No-Till and Reduced Tillage
Minimizing the intensity (frequency and aggressiveness) of soil-disturbing activities related to residue management, seedbed preparation, nutrient management, planting and pest control while planting and growing crops.
- Reduce erosion and transport of adsorbed particulate phosphorus (P)
- Improve soil health and build resilience for climate-smart agricultural production
- Conserve soil moisture for crop use and increased yield
- Reduce particulate emission to the atmosphere
How Does This Practice Work?
Leaving crop residue on the soil surface year around, before and after planting, provides soil surface protection at critical times to protect the soil against wind and water erosion. Reducing tillage operations reduces tillage erosion, improves soil surface properties, including improved soil aggregation accounting for increased infiltration and percolation; less compaction due to less usage of field implements; and more biological activity due to an increase in organic matter. Adding soil surface cover increases water infiltration, reducing soil drying and maintains more moisture for crop utilization.
Where This Practice Applies and Its Limitations
This set of management practices applies to all cropland where tillage is commonly performed to loosen soil, prepare a seedbed, seed crops and control pests and unwanted vegetation. These tillage practices are effective control measures where soil erosion processes carry particulate phosphorus from the soil surface.
Although conservation tillage and crop residue management enhance soil surface properties, these practices may result in fertilizer and manure applications that are left on the soil surface. Surface application of fertilizer and manure leaves nutrients vulnerable to direct losses during runoff and also builds a stratified layer of crop nutrients (including phosphorus) on or near the soil surface. In both cases, the soil surface is vulnerable to rainfall, runoff, and wind events that can remove this highly concentrated material from the soil surface. Therefore, subsurface placement of manure or fertilizer is recommended whenever possible. While reduced tillage and soil organic matter buildup contribute to stable soil structure deep into the soil profile, this undisturbed structure produces macropores and preferential flow channels that can direct nutrients (including phosphorus) downward into deeper parts of the soil profile. This movement of P can result in substantial losses of P to surface water where subsurface drainage systems (i.e., tile drainage) are used.
Conservation tillage and crop residue management are very effective at reducing soil erosion. Crop, climate and soil conditions impact the efficiency and effectiveness of this set of management practices. Nevertheless, no-till and reduced tillage are highly successful for controlling erosion. The use of current erosion prediction models (RUSLE2 for water and WEQ for wind) will provide a site-specific estimate of soil erosion losses or reductions.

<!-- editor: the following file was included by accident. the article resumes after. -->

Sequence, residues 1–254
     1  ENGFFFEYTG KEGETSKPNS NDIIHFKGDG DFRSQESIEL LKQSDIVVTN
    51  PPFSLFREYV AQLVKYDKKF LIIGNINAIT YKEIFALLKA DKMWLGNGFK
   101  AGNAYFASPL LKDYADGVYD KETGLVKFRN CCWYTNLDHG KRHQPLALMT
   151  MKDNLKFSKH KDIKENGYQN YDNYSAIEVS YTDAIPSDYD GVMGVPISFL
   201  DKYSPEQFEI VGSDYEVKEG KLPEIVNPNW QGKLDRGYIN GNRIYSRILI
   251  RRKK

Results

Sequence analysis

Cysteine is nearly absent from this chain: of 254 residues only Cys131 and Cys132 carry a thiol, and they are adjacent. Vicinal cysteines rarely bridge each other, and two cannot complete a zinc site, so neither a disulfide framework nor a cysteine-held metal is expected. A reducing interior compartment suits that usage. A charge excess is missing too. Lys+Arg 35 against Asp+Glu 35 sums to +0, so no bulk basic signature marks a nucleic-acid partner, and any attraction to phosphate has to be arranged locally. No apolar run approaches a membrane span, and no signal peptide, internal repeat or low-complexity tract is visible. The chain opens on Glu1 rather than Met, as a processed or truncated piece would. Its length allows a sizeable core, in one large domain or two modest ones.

Absence of soil disturbance and build up of soil organic matter will improve water and nutrient infiltration with time. Residue mulch and reduced soil surface disturbance can conserve up to 30 percent more soil water for crop uptake, and, therefore, increase crop nutrient utilization during critical periods of crop production.
Cost of Implementing the Practice
Conservation tillage and crop residue management will reduce the number of unnecessary tillage passes and machinery expenses. Each tillage pass would bury additional crop residue. Tillage operations require operator time, fuel and depreciation of equipment, all of which have a cost to the producer. The initial cost of equipment changeover and increased management required by the producer/operator will be offset by eventual savings in time, fuel and equipment depreciation.
Operation and Maintenance
Several years of tillage reduction and increased crop residue management are required before the full benefits of these practices can be realized. Less tillage and greater amounts of crop residue on the soil surface provide the greatest protection from both soil erosion and runoff losses of nutrients in particulate forms. Existing soil compaction, as well as perennial weed control, must be addressed early in the tillage modification. Perennial weeds and other pests can be controlled by rotating crops (including cover crops) and mode of pesticide action.
Residue and Tillage Management, No Till (Code 329) NRCS Conservation Practice Standard. September 2016. https://www.nrcs.usda.gov/resources/guides-and-instructions/residue-and-tillage-management-no-till-ac-329-conservation
Residue and Tillage Management, Reduced Till (Code 345) NRCS Conservation Practice Standard. September 2016. https://www.nrcs.usda.gov/resources/guides-and-instructions/residue-and-tillage-management-reduced-till-ac-345-conservation
Nutrient Management (Code 590) NRCS Conservation Practice Standard. May 2019. https://www.nrcs.usda.gov/resources/guides-and-instructions/nutrient-management-ac-590-conservation-practice-standard.
For Further Information
Contact your local soil and water conservation district, USDA-NRCS or Cooperative Extension Service office. Cost-share assistance may be available. To find your local USDA Service Center, visit https://www.nrcs.usda.gov/contact/find-a-service-center.
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Adotey, N. and D. Flaten. 2023. No-till and Reduced Tillage. SERA17 Phosphorus Conservation Practices Fact Sheets. https://sera17.wordpress.ncsu.edu/no-till-and-reduced-tillage/